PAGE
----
When I was growing up, my parents valued hard work and dedication, and instilled this in our family. Quitting wasn’t in our vocabulary. I can’t remember a time when I wanted to quit a youth sport or activity.
This foundation led to some stressful times for me and my son once he reached his teen years.
In his elementary years, my son loved hockey. We’re a hockey family. We watch NHL games on TV, and three of my four kids played the sport growing up. My husband and I acted as coaches for many years, and I was the team manager for a few seasons.
So, as parents, we were more than willing to shell out the money every year so our son could play minor hockey. However, his individuality started to show once he reached his teen years.
He started expressing interest in other sports
My son’s drive to be active and try new physical activities delighted us. There were years when he tried different sports, like football and lacrosse. Although he did well on his teams, they didn’t grab his attention. He wouldn’t return to the field after completing the season. His laissez-faire attitude started to show, but he at least stuck it out with hockey, since he had years of enjoyment playing.
But, when he was 13 years old, my son played his last year of minor hockey. His neutral attitude toward hockey changed to disdain, and he talked about quitting for good. At the time, I thought his contempt for the sport came from a bad experience with a coach. We tried to rectify the situation, but my son refused to play.
Unable to let the sport of hockey go, I devised a compromise: he would try recreational hockey instead of the minor league team in our area.
We wanted our son to maintain an active lifestyle with healthy habits
We eventually enrolled our son in the local rec hockey league. While this change took away the stress of competition for him, he still wasn’t happy. He expressed his dislike for the game and frustration with his teammates. He even refused to play during a tournament in his last year. As a mother, I was heartbroken that my son was unhappy. I couldn’t see it then, but he needed something else for his mental health that he wasn’t getting from hockey.
My husband and I firmly believe that children need a physical outlet, especially our son. He’s an active kid who needs to be busy and expend energy. But, after a long discussion with him, we decided he should stop playing hockey. It wasn’t the sport for him anymore, even though he once loved it. His interests had changed, and he had been trying to tell us for years.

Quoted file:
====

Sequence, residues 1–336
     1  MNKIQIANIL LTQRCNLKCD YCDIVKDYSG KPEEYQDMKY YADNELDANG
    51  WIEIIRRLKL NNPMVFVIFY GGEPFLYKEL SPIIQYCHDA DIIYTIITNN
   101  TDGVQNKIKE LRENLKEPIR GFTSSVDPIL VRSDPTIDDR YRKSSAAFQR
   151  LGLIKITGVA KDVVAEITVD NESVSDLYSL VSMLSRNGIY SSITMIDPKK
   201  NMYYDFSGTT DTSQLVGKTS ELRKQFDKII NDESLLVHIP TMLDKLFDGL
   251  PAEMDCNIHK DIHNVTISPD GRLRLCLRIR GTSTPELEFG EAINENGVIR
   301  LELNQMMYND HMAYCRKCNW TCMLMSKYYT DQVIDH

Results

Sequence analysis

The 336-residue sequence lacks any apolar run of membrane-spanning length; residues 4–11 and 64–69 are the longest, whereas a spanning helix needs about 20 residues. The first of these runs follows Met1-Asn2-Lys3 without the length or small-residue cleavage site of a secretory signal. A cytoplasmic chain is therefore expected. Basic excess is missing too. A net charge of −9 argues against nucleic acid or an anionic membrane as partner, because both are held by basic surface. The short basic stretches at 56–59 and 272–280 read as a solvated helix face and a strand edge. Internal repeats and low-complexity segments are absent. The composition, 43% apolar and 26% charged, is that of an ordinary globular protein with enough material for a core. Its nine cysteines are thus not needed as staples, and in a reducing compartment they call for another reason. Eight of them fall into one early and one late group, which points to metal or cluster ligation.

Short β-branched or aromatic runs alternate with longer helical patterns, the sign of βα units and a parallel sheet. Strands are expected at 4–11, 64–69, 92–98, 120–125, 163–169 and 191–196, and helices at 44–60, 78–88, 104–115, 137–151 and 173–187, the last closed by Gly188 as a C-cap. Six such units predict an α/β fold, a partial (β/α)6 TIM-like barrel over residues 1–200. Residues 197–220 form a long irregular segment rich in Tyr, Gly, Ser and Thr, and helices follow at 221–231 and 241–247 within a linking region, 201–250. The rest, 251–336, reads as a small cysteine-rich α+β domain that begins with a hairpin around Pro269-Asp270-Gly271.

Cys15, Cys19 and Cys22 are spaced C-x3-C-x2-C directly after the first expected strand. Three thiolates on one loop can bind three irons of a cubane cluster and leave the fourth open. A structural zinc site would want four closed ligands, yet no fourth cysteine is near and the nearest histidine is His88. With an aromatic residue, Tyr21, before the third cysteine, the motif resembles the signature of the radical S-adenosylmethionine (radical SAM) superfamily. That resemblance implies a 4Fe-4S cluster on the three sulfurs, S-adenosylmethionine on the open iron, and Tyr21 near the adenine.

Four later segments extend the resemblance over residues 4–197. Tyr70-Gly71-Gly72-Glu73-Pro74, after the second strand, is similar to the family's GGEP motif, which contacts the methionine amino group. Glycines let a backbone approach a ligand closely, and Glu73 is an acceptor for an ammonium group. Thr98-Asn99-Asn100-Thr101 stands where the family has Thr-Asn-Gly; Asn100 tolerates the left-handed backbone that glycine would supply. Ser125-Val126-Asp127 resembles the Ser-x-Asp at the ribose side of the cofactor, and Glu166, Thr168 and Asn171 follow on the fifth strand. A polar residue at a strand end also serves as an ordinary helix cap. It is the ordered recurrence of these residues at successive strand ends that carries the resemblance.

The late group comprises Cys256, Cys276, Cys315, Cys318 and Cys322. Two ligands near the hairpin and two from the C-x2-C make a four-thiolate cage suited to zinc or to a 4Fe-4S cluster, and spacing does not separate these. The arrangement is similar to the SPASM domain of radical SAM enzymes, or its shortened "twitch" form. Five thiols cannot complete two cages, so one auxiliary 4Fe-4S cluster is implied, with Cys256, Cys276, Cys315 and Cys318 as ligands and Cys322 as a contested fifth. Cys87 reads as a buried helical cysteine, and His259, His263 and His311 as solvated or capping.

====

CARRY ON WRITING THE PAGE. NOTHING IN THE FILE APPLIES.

I felt like I ignored his previous requests, hoping to change his mind and have him remain in the sport. Because my brother and I grew up playing on the ice, I always assumed my kids would have the same love for the game that I do. Once I stepped back, I could see my son wasn’t happy and no hockey team would change that.
When we took time to talk to him, we ensured our son knew that we supported him in his decision to quit hockey. However, it was clear that he had to keep active and find an activity that suited him.
Little did I know how much more my kid could and wanted to do
He started running at home. I’ve been a runner for years, so I helped him find a suitable training plan. He participated in a few local races, but that wasn’t his passion. So we started exploring different activities.
Although my son quit hockey earlier than I would have liked, I’ve enjoyed watching him in other sports. I’ve been to lacrosse and football games, 5km and 10km races, and even Brazilian jiu-jitsu matches.
Currently, he trains at a mixed martial arts club and participates in tournaments, even as an adult. He no longer laces up his skates, but I couldn’t be prouder of him. He was able to find a sport that he enjoys while keeping himself active and healthy.
Nothing compares to the experience of watching your child succeed at an activity they love. The joy I see on my kid’s face when he’s training and competing is incomparable. I’m glad he found something that he loves to do and continues to excel.
If your child expresses an interest in something new or different, it can be beneficial to explore various options. You only know what your child is capable of once you let them take control.